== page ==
If laws worked retroactively in the Philippines, President Rodrigo Duterte just signed one that he’s definitely already broken again and again.
The Presidential Palace just recently announced that on April 16, the president signed Republic Act 11313, or the "Safe Streets and Public Spaces Act,” a law penalizing “any unwanted and uninvited sexual actions or remarks against any person” in public places.
This, coming from a man who asked a woman to kiss him onstage, told a mayor he would hold on to her panties “until the garter snaps,” and admitted to sexually assaulting his own housekeeper as a teenager. All of this and more is on public record.
In fact, he's probably already broken the law post-signing. On May 26, during the graduation rites of the Philippine Military Academy where cadets are pardoned for various offenses, he joked about pardoning them for rape.
"Anyway I'll pass you this time because I need good and capable soldiers," Duterte said. "I will pardon you. The number one is for rape. Number two is drugs with rape with robbery."
Not that it matters. Duterte, who just passed the three-year mark of his presidency, enjoys presidential immunity and cannot be charged for the duration of his term.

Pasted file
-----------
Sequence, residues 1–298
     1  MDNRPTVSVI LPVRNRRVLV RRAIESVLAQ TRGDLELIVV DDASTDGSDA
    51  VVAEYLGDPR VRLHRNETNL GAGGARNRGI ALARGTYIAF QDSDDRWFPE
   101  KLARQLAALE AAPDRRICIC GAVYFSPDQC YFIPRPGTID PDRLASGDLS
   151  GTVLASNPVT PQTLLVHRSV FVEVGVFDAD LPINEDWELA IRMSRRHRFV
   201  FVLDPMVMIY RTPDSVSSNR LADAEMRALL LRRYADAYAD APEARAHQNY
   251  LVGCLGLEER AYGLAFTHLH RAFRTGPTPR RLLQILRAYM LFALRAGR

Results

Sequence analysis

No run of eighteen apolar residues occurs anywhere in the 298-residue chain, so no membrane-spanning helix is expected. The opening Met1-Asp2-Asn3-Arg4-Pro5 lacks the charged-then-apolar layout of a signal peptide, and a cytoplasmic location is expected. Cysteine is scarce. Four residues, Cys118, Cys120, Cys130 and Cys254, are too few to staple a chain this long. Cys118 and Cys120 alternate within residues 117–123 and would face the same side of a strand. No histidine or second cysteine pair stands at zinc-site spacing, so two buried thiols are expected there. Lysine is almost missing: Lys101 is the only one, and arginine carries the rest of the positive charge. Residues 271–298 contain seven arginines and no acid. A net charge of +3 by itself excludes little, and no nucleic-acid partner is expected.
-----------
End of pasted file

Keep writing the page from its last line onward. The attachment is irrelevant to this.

After the law's announcement, Gabriela Women’s Party, a political organization advocating for women, took to Twitter to point out the irony of the situation:
Sexual harassment, as defined by Article 1 of the law, includes “catcalling, wolf-whistling, unwanted invitations, misogynistic, transphobic, homophobic and sexist slurs, persistent uninvited comments or gestures on a person’s appearance; relentless requests for personal details, statement of sexual comments and suggestions; public masturbation or flashing of private parts, groping, or any unwanted advances.”
Depending on the act and the number of times they’ve violated the law, perpetrators may get fined between approximately $20 to $10,000, 12 hours of community service, compelled attendance to a gender sensitivity seminar, and jail time between six days to six months.
For all of the backlash President Duterte has received for his statements and actions, now he can’t resort to his usual defense: that it was all a joke.
Sexual harassment is a prevalent issue in the Philippines. A 2016 survey by Social Weather Stations found that 88 percent of female respondents aged 18-24 have experienced at least one form of sexual harassment in their lives. Fifty-eight percent of these incidents have occurred on the streets.
It took some time before the Safe Spaces Act was passed. Sen. Risa Hontiveros filed the bill on February 2017 as an extension to the Anti-Sexual Harassment Act of 1995, which only tackled harassment in offices and schools. The Senate approved the bill in October 2018, while the House of Representatives gave their approval on January 14, 2019. It’s unclear why the public release of the bill’s approval was delayed.